SAN FRANCISCO - Mt. Gox, once the world's biggest bitcoin exchange, abruptly stopped trading on Tuesday, shaking investor confidence in the digital currency that is struggling for legitimacy.
WHAT IS BITCOIN?
A form of electronic money independent of traditional banking, bitcoins started circulating in 2009 and have become the most prominent of several fledgling digital currencies.
The virtual currency relies on a network of computers that solve complex mathematical problems as part of a process that verifies and permanently records the details of every bitcoin transaction that is made.
Unlike traditional currencies, where a central bank decides how much money to print based on goals like controlling inflation, no central authority governs the supply of bitcoins. Like other commodities and currencies, its value depends on people's confidence in it.
HOW VOLATILE IS IT?
The dollar price of bitcoins quoted on online exchange Bitstamp spiked from around US$30 (S$38) a year ago to more than US$1,100 (S$1,400) in December as more people became aware of the currency and speculators jumped into the highly volatile market. But growing attention from regulators and concerns that bitcoins could be more susceptible to fraud than previously thought have sparked a steady decline in prices, to around US$530 on Tuesday.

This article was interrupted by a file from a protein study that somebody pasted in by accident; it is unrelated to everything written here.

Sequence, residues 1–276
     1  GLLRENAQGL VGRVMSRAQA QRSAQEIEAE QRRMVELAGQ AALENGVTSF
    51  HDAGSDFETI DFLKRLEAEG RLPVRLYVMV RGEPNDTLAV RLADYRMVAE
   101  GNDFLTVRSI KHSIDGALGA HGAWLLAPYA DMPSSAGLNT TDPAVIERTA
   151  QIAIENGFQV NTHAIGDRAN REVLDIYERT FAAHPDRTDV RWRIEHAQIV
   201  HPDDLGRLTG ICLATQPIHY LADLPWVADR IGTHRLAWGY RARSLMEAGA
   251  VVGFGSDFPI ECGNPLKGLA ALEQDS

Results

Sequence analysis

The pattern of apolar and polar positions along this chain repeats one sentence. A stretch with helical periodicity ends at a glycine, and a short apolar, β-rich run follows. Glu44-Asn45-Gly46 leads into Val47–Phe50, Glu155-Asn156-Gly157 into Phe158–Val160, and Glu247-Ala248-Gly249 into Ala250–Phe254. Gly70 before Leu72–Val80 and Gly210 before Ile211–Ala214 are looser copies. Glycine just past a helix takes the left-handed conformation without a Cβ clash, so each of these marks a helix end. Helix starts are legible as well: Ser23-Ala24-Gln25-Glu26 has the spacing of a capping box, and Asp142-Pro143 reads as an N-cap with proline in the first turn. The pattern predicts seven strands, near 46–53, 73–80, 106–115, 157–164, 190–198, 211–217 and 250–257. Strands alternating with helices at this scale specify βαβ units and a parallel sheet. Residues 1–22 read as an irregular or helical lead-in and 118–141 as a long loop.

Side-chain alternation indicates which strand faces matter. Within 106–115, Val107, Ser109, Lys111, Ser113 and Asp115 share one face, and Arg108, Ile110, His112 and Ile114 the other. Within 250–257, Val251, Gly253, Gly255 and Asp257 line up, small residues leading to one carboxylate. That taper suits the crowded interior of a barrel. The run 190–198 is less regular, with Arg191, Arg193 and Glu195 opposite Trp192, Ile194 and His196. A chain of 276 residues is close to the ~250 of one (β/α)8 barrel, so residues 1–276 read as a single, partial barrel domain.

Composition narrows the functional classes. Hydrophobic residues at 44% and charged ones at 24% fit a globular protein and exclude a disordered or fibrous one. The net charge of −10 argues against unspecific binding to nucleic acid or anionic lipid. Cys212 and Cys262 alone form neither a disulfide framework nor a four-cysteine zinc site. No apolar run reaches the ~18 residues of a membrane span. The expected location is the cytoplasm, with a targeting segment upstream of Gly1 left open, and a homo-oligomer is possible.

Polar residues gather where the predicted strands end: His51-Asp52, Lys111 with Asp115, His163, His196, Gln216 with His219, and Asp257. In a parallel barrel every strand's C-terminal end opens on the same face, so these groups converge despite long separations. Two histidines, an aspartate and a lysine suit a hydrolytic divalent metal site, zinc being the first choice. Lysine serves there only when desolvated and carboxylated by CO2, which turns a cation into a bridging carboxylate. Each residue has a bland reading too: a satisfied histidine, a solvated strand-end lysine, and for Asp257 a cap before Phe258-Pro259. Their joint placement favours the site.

Compounding the issue, its price can vary greatly depending on the exchange.
WHERE CAN I USE MY BITCOINS?
Proponents say bitcoins could one day become widely used by consumers for online shopping and other electronic transactions. Certain online retailers such as Overstock.com and physical stores, mostly smaller operations, already accept the digital currency, but its adoption is not widespread.
Critics say bitcoin is too volatile to be widely adopted and warn of its lack of regulation and its use to pay for illegal drugs and other nefarious transactions.